Author: Edgar Allan Poe
Date of Publication: 1845 (Illustration by Harry Clarke, 1919)
I have to be honest. I chose this story as my first Sunday Peril read because the title character’s name sounded so much like Voldemort. I was curious to see if there were any similarities from the story that J.K. Rowling might have pulled from Poe’s work to create Voldemort’s character. There are virtually no similarities to write of, unfortunately, with the exception that both characters seem to be in that thin space between life and death, where death is suspended through a variety of means.
But enough of Voldemort. Let me get to this story.
Poe uses such precise and often scientifically accurate language to tell this story that, for some time following its simultaneous publication in 1845 in American Review: A Whig Journal and Broadway Journal, many people believed the story to be true. When he revealed that, indeed, it was a work of pure fiction, it immediately received the label of “hoax.” The story has been published subsequently in various anthologies, the first being The Complete Tales of Mystery and Imagination, which is the same text where I read this story.
The main character, a mesmerist who has a strong desire to do what he says nobody has ever claimed to do–put a person at death’s door in a mesmerized state to suspend the transition from life to death–finds the perfect candidate (Valdemar), and succeeds in placing him in the trance just before he dies. What happens then, Poe describes, is something that he believes, reaches “a point of this narrative at which every reader will be startled into positive disbelief.”
In many ways, we are. But Poe establishes this not by some grandiose parade of near-dead people rising from Valdemar’s body on his death bed. Such overstatement would push this story into the world of make-believe. Instead, Poe, a master at the art of specificity, brings the terror to life with the smallest of details signifying the most terrifying possibilities that each of us may imagine when being with loved ones on the brink of death.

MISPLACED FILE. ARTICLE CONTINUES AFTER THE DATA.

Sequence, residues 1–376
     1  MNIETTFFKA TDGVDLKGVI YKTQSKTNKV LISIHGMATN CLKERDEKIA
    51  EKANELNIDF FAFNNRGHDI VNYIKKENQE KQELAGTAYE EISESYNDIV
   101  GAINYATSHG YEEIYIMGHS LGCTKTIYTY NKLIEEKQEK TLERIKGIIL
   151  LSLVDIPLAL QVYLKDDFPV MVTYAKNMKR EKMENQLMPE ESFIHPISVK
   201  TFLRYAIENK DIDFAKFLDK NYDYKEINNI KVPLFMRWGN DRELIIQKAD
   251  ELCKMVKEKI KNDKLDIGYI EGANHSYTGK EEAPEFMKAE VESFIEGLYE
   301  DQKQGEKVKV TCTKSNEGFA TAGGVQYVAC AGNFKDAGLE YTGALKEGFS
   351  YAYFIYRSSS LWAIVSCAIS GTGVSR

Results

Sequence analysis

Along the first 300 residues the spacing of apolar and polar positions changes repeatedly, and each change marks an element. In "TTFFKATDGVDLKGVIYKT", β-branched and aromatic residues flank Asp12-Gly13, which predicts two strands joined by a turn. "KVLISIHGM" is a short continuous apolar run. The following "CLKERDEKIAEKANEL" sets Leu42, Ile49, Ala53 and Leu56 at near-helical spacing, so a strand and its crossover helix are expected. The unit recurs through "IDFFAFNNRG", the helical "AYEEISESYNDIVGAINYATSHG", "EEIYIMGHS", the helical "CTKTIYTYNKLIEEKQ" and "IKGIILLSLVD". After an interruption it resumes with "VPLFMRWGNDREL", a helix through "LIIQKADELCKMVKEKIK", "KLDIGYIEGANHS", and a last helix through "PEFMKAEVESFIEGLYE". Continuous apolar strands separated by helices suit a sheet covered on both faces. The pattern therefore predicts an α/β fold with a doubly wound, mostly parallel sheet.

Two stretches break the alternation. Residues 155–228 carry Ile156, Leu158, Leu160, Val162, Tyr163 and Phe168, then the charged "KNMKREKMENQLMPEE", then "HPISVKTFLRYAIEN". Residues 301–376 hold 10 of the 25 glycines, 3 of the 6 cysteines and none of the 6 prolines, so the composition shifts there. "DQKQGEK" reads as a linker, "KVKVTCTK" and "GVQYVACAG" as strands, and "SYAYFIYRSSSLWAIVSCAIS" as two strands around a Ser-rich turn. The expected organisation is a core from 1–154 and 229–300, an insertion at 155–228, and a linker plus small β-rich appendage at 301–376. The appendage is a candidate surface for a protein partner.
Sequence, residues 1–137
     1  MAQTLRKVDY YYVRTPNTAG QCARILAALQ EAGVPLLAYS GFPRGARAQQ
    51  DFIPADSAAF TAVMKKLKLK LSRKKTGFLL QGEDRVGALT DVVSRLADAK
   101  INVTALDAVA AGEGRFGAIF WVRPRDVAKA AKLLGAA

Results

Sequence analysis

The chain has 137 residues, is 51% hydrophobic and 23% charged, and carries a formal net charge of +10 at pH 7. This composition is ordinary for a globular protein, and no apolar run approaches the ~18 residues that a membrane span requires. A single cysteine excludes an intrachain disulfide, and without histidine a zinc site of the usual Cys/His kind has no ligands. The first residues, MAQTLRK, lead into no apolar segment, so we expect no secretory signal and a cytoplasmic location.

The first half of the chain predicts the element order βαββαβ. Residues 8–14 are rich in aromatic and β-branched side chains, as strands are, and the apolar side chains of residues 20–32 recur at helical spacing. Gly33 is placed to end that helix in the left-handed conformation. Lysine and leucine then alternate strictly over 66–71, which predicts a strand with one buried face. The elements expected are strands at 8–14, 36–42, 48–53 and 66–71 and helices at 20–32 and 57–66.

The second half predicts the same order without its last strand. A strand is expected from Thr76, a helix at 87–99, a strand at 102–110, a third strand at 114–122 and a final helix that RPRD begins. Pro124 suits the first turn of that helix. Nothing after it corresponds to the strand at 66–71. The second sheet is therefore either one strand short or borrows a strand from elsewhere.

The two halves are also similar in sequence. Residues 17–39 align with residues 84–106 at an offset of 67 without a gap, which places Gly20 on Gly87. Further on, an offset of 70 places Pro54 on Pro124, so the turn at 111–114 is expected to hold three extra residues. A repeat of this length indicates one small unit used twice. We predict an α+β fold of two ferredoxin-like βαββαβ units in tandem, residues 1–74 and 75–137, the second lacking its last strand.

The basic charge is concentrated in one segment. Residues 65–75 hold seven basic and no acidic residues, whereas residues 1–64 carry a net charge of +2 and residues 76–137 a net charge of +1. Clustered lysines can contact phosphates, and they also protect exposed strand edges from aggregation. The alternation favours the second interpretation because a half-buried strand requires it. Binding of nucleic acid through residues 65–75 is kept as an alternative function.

It is no wonder that this story was taken as fact when it was first published. Poe uses scientific jargon in describing the state of Valdemar:
The left lung had been for eighteen months in a semi-osseous or cartilaginous state, and was, of course, entirely useless for all purposes of vitality. The right, in its upper portion, was also partially, if not thoroughly, ossified, while the lower region was merely a mass of purulent tubercles, running one into another. Several extensive perforations existed; and, at one point, permanent adhesion to the ribs had taken place.
Clearly, Poe earns credibility with such a factual approach (in fact, the entire piece is written as a means of setting the record straight to put supposed rumors to rest).
I read stories like this one and I yearn to find similar short works that demand credibility, that are not so laden with emotion and inaction. I’ve been told that such stories are no longer publishable. If we’re not publishing such quality fiction as what Poe wrote 150 years ago, it suggests we have become a very lazy mass of readers with little or no expectations for quality or accuracy.
In all fairness, though, I have to go to Borders or Barnes & Noble today and pick up a copy of Glimmer Train or some other reputable pub of short fiction and see what they’re printing these days….Maybe I’m wrong on all of this, and if I am, then all the better. I’ll be the first to write about it in the days to come.